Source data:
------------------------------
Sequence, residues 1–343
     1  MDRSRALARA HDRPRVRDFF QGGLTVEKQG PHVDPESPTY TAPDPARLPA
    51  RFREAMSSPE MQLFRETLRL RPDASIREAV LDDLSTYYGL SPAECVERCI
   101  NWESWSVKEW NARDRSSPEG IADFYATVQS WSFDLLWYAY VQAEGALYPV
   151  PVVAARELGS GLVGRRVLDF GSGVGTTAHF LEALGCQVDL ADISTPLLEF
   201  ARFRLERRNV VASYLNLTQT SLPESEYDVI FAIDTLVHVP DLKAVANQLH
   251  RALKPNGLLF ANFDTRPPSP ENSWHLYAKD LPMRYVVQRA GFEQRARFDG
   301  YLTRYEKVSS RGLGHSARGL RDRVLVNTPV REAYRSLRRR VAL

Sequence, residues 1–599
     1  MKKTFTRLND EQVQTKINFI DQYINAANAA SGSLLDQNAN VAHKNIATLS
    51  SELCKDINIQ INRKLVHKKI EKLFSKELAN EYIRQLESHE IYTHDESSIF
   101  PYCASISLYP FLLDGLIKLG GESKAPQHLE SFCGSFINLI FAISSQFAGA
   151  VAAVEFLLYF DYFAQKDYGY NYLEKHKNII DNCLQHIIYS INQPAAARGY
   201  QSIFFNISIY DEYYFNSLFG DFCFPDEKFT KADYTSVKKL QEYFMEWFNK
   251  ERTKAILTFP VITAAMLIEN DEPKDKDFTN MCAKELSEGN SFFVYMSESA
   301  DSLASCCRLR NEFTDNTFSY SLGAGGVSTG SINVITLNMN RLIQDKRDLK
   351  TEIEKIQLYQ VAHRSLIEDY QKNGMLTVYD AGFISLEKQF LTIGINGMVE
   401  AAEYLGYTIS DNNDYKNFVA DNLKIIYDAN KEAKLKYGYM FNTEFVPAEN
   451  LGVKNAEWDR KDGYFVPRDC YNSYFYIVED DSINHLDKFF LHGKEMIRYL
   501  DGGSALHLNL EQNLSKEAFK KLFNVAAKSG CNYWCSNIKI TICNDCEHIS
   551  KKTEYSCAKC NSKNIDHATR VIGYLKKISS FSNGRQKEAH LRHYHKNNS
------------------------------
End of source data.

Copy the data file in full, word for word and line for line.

Sequence, residues 1–343
     1  MDRSRALARA HDRPRVRDFF QGGLTVEKQG PHVDPESPTY TAPDPARLPA
    51  RFREAMSSPE MQLFRETLRL RPDASIREAV LDDLSTYYGL SPAECVERCI
   101  NWESWSVKEW NARDRSSPEG IADFYATVQS WSFDLLWYAY VQAEGALYPV
   151  PVVAARELGS GLVGRRVLDF GSGVGTTAHF LEALGCQVDL ADISTPLLEF
   201  ARFRLERRNV VASYLNLTQT SLPESEYDVI FAIDTLVHVP DLKAVANQLH
   251  RALKPNGLLF ANFDTRPPSP ENSWHLYAKD LPMRYVVQRA GFEQRARFDG
   301  YLTRYEKVSS RGLGHSARGL RDRVLVNTPV REAYRSLRRR VAL

Sequence, residues 1–599
     1  MKKTFTRLND EQVQTKINFI DQYINAANAA SGSLLDQNAN VAHKNIATLS
    51  SELCKDINIQ INRKLVHKKI EKLFSKELAN EYIRQLESHE IYTHDESSIF
   101  PYCASISLYP FLLDGLIKLG GESKAPQHLE SFCGSFINLI FAISSQFAGA
   151  VAAVEFLLYF DYFAQKDYGY NYLEKHKNII DNCLQHIIYS INQPAAARGY
   201  QSIFFNISIY DEYYFNSLFG DFCFPDEKFT KADYTSVKKL QEYFMEWFNK
   251  ERTKAILTFP VITAAMLIEN DEPKDKDFTN MCAKELSEGN SFFVYMSESA
   301  DSLASCCRLR NEFTDNTFSY SLGAGGVSTG SINVITLNMN RLIQDKRDLK
   351  TEIEKIQLYQ VAHRSLIEDY QKNGMLTVYD AGFISLEKQF LTIGINGMVE
   401  AAEYLGYTIS DNNDYKNFVA DNLKIIYDAN KEAKLKYGYM FNTEFVPAEN
   451  LGVKNAEWDR KDGYFVPRDC YNSYFYIVED DSINHLDKFF LHGKEMIRYL
   501  DGGSALHLNL EQNLSKEAFK KLFNVAAKSG CNYWCSNIKI TICNDCEHIS
   551  KKTEYSCAKC NSKNIDHATR VIGYLKKISS FSNGRQKEAH LRHYHKNNS